You People Don't Play Hockey
When I was about seven years old, my aunt, who was from the West Indies, decided that I, as a young Canadian boy, should learn how to skate. To that etid, she took me to an outdoor skating rink about three blocks from our house in Toronto.
Katie, being from a warm tropical climate, really respected the cold weather, so before we started off she bundled me up in about 20 pounds of heavy winter gear. I could·hardly move my arms and legs.
Just before we started off,- she went down into the basement and returned with a sinall package about the size of a shoebox. I asked her what was in the box, but she wouldn't tell me. As we left, I could hardly think of anything else, other than what was in the box. It is an unwritten law that you do not carry a box, with unknown contents, while a 7-year-old is anywhere within 50feet!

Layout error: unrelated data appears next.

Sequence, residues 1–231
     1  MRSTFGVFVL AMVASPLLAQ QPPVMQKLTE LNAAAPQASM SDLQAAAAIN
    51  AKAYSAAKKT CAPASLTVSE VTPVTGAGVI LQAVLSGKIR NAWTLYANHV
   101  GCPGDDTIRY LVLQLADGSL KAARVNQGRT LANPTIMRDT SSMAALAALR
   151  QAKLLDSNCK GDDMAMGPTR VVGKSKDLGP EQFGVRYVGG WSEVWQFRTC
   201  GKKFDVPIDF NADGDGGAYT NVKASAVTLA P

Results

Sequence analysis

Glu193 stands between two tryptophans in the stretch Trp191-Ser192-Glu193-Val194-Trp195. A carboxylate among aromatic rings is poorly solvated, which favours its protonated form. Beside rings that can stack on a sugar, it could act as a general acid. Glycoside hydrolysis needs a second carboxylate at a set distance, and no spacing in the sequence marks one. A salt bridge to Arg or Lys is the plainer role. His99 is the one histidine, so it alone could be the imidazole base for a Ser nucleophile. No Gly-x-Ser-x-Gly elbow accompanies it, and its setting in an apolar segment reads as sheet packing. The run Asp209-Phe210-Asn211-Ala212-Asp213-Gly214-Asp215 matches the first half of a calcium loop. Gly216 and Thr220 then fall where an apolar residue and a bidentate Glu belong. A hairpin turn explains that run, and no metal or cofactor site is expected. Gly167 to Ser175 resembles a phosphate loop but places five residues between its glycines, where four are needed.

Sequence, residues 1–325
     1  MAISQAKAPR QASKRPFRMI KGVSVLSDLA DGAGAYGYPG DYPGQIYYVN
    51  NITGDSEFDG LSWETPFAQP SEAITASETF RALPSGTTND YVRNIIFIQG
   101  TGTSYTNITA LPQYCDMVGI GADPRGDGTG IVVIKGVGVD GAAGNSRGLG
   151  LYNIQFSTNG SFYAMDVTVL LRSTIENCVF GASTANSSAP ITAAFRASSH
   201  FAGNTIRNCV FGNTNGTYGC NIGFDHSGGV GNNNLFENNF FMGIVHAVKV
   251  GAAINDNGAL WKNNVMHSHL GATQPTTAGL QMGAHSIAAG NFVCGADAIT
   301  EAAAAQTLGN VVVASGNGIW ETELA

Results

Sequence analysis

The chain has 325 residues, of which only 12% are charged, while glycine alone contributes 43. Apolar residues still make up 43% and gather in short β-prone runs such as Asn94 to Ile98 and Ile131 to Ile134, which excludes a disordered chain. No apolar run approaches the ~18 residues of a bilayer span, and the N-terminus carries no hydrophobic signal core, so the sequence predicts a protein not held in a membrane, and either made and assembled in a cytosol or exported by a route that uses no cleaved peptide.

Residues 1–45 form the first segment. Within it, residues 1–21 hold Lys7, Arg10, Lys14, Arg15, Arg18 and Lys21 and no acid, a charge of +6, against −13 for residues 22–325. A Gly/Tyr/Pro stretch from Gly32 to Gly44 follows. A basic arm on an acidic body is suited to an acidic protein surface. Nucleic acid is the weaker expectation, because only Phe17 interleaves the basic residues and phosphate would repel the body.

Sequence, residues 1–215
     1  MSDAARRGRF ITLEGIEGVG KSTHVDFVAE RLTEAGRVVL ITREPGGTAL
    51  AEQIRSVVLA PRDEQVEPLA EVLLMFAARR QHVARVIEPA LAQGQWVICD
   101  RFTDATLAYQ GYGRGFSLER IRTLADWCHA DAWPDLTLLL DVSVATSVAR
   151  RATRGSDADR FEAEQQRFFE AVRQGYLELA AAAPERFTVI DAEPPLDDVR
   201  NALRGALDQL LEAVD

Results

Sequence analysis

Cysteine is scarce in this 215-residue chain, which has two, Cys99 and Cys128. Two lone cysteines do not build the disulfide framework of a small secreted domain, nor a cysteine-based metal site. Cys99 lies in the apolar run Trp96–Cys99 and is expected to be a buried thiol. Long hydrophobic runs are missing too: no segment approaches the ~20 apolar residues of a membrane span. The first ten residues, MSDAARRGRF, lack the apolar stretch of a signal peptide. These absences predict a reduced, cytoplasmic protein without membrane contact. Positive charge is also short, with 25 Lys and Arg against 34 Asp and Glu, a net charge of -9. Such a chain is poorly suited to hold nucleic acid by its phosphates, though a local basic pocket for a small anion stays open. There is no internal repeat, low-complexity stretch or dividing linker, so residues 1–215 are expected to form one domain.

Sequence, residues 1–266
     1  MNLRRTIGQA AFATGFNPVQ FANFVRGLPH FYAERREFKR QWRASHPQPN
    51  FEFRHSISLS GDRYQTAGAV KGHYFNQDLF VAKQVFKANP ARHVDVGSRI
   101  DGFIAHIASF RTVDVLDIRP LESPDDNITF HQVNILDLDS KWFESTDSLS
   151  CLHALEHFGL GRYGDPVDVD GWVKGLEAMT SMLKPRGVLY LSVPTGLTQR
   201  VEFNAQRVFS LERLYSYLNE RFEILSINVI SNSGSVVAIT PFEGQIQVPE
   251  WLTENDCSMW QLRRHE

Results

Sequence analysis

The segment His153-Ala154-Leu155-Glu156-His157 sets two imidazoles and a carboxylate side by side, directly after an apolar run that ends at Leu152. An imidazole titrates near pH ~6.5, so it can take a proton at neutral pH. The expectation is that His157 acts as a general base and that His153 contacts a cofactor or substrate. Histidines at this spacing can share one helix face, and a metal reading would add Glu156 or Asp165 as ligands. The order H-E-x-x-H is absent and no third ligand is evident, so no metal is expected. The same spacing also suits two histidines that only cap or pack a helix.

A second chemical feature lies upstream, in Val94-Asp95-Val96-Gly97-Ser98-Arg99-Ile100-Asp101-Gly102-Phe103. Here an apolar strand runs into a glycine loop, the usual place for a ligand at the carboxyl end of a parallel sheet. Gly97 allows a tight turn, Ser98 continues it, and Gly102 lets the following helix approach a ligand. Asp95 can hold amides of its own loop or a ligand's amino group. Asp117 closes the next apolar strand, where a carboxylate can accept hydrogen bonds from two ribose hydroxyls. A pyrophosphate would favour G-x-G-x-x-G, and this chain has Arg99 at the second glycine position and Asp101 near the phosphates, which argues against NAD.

Well, we finally made our way the three blocks through the slush and snow and at last we got to the rink. Actually, there were two rinks. One was oval-shaped surrounded by snow banks. The other was rectangular and had boards around its perimeter. The latter one was obviously a hockey rink. I knew what hockey was. I spent many a winter evening listening to the Hockey broadcast on the radio.
She took me to the skating oval and sat me down on a nearby bench. At long last, she unwrapped the box. Inside was a pair of miniature hockey skates. They appeared to be my size. Whoo eee ! Syl Apps! Watch yourself! I'm coming on! I could- hardly sit still as she took off my shoes and laced my feet into the skates. I could already see feet. Reality immediately set in. I no sooner touched the ice then I was on my face, reading the ice surface, wondering what had happened.